Author + information
- Received August 10, 1995
- Revision received March 4, 1996
- Accepted March 11, 1996
- Published online July 1, 1996.
- Kaoru Okishige, MD∗,
- Katsuhiro Yamashita, MD,
- Haruhiko Yoshinaga, MD,
- Kouji Azegami, MD,
- Takako Satoh, MD,
- Yoshenari Goseki, MD,
- Satoki Fujii, MD,
- Hiroshi Ohira, MD and
- Shutarou Satake, MD
- ↵∗Address for correspondence: Dr. Kaoru Okishige, Cardiac Electrophysiology Laboratory, Yokoham Red Cross Hospital, 2-85 Negishi, Naka-ku, Yokohama City, Japan
Objectives. The aim of this study was to examine the effect of ischemic preconditioning on the manner of ventricular repolarization by assessing the change in QT dispersion during coronary angioplasty.
Background. QT interval dispersion regional variations in ventricular repolarization and cardiac electrical instability. Previous studies have suggested that increased QT dispersion is associated with an increased incidence of malignant ventricular arrhythmias, whereas brief episodes of myocardial ischemia can render the heart more resistant to subsequent ischemic episodes, a phenomenon called ischemic preconditioning.
Methods. To assess the effects of ischemic preconditioning on myocardial repolarization by examining the change in QT dispersion during coronary angioplasty, we studied 47 consecutive patients (39 men and 8 women; mean age 57 ± 16 years). QT dispersion was measured after each balloon inflation during coronary angioplasty. Statistical analysis was performed by using repeated measurement of analysis of variance.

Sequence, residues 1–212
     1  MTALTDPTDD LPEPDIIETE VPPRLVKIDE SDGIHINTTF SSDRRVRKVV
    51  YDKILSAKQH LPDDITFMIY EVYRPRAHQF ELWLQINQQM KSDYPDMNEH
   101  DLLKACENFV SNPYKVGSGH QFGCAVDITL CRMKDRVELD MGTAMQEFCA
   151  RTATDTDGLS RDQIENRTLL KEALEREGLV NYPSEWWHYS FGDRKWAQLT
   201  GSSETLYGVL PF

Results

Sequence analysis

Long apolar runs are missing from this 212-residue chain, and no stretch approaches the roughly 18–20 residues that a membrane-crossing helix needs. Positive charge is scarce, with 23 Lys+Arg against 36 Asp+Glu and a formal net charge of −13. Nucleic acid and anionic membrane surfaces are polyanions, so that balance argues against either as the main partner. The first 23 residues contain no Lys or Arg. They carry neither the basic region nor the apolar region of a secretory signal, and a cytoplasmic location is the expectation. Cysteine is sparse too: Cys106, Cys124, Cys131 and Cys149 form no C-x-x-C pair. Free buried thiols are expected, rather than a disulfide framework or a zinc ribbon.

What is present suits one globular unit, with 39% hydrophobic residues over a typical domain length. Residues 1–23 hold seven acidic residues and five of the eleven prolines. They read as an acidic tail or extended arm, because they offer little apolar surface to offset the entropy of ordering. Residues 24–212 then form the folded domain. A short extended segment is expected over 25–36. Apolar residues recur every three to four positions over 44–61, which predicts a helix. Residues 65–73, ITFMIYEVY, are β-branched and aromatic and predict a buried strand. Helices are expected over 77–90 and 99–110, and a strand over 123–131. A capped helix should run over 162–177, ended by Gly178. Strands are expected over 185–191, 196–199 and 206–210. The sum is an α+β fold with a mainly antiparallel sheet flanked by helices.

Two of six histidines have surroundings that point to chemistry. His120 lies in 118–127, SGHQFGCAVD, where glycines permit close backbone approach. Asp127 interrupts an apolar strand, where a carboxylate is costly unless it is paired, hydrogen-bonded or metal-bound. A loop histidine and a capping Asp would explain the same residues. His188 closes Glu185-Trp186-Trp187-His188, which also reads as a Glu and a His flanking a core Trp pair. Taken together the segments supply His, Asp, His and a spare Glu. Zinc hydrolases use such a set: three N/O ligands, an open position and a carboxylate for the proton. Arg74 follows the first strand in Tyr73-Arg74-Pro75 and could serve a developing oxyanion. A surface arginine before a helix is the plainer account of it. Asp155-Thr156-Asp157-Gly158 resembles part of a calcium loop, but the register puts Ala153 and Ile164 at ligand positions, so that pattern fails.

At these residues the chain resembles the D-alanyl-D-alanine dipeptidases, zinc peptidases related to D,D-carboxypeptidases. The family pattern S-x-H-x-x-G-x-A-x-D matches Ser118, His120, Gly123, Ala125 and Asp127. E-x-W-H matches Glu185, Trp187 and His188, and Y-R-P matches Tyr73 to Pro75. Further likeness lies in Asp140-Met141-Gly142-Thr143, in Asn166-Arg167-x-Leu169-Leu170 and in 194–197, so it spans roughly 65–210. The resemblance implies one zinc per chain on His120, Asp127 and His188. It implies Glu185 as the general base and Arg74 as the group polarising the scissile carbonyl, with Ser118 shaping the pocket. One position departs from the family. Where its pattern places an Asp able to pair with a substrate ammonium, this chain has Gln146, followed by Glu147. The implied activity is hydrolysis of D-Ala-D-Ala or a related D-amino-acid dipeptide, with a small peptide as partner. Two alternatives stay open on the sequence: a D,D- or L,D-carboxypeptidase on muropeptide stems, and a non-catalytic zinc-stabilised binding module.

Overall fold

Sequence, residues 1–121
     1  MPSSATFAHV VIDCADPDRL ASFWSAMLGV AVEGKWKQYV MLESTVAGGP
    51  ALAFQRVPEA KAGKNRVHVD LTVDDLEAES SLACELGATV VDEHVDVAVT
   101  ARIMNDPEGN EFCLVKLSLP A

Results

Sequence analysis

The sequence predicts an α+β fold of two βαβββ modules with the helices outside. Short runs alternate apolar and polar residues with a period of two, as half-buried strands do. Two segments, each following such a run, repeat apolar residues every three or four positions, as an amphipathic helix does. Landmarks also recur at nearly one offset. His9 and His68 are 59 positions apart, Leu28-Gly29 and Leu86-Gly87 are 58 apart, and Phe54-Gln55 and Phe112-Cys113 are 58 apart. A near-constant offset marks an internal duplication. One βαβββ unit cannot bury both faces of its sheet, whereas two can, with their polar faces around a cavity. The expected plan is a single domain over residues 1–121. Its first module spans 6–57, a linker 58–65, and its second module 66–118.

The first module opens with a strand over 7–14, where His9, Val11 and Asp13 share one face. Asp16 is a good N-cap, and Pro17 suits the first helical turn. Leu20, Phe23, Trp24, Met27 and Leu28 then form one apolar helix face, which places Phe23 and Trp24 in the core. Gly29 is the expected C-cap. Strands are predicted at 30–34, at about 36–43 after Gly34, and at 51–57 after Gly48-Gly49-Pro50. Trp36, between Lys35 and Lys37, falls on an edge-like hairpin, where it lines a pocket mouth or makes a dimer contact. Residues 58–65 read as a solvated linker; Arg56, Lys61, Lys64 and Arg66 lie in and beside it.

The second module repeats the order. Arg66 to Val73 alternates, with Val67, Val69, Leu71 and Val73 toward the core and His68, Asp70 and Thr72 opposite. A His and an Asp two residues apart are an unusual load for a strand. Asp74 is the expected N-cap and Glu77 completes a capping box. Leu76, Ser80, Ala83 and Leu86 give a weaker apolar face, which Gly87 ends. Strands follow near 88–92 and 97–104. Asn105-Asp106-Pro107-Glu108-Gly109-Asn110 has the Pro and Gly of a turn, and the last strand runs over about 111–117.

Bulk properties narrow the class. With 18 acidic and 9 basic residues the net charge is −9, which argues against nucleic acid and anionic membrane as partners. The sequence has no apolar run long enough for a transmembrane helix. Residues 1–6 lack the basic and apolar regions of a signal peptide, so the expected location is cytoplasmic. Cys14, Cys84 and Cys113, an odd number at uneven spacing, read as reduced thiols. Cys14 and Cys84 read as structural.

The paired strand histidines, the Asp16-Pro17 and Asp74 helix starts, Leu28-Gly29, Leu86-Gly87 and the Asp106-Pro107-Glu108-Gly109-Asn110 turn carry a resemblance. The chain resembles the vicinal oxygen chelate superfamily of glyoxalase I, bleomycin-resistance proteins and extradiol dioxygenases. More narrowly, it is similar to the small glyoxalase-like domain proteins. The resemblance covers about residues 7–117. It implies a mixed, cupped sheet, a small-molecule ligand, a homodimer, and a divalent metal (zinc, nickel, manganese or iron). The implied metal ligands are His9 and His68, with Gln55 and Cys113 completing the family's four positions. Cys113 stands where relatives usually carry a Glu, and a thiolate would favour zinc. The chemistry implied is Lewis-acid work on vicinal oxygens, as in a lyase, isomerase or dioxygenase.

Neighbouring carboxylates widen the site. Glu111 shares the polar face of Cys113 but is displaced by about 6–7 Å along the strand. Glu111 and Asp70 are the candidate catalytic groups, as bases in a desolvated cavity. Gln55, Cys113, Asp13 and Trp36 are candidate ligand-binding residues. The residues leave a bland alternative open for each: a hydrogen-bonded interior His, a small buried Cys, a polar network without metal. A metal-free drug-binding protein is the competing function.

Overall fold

Results. There were significant differences in QT dispersion as the number of balloon inflations increased (mean ± SD 52 ± 14, 42 ± 11, 36 ± 9, 31 ± 10 and 29 ± 11 ms, respectively [p < 0.01], for the first, second, third, fourth and fifth balloon inflations). The magnitude of decrease in QT dispersion was significant in the first and second balloon inflations, then became insignificant with later inflations.
Conclusions. These data indicate that the gradual decrease in OT dispersion provoked by coronary artery occlusion and reperfusion during coronary angioplasty may be associated with electrophysiologic effects of ischemic preconditioning on myocardium in the human heart.
☆ This work was presented in part at the 68th Annual Scientific Sessions of the American Heart Association, Analheim, California, November 1995.
- Received August 10, 1995.
- Revision received March 4, 1996.
- Accepted March 11, 1996.